“Keep it short! Millennials have attention spans like goldfish! They won’t stick around for long-form content.”
They said, being very wrong.
The short-form content advice was standard from the very beginnings of SEO up until fairly recently.
It was assumed that modern audiences just didn’t have the patience for long-form content, that they wouldn’t stick around long enough to justify the work involved, and anyway, wasn’t Facebook pivoting to “Video First” anyway?
As it turns out, almost every piece of that advice was dead wrong.
Modern audiences fo just fine with long-form content, and if you make it worth their time, they will absolutely stick around.
And that Vidoe first thing turned out to be one of Facebooks worst ever decisions.
Long-form content can be an enormously effective tool in gaining you links and traffic. But only if you do it well. Bad long-form is almost worse than not doing it at all.
So let’s talk about long-form content. What is it? How does it help you gain traction? And how can you make sure you’re doing it right?
Keep reading to find out.
What is Long Form?
The answer here really depends on who you ask.
Some experts will tell you that long-form is anything over 4000 words, veering into E-book territory. And while e-books can be valuable in terms of both traffic and website monetization, we aren’t going to look at them just yet.
For our purposes, we’re talking long-form articles, or anything 1500 words or longer.
Word counts can be hard to visualize if you aren’t a career writer, so think of it like this. 500 words are about one printed page, single-spaced. It’s quick and easy to digest, but not going to give much in terms of in-depth information.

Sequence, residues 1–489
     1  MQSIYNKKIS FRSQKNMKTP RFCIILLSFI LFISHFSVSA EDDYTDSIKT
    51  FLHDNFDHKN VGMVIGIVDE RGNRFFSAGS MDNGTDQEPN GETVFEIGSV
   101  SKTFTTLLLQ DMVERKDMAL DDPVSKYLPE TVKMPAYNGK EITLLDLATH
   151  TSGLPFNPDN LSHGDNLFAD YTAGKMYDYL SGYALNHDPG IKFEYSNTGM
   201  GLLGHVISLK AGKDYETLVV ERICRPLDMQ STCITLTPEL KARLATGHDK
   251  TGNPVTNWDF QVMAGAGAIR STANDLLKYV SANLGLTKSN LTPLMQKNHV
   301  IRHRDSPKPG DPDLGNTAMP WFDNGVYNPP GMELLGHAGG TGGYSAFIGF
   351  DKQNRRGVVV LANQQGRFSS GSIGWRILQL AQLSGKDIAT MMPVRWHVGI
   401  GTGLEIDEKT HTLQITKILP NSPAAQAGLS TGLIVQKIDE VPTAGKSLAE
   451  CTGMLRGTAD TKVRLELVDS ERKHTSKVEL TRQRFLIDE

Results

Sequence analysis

1500 to 200 words, and beyond, is admittedly far longer, coming in at between 3 and 4 printed pages. But that amount of space lets you really dig into your topic, providing detail, examples, and explanation in a way that short form simply doesn’t allow.
What’s the Benefit of Long Form?
Long form does come with its own set of complications.
First, writing 1500 words is a lot harder than most people realize. But the challenge really isn’t the length. It’s writing 1500 words that are all worth reading.
Millennials, that oft-maligned age group, have been accused of being incapable of focusing long enough to take in long-form content. Turns out, they absolutely can, they just want it to be worthwhile.
COnsumers of all ages, but especially millennials, are very conscious of having their time wasted, so if you can’t make your long-form articles worthwhile, you aren’t going to gain the traffic and views you’re after.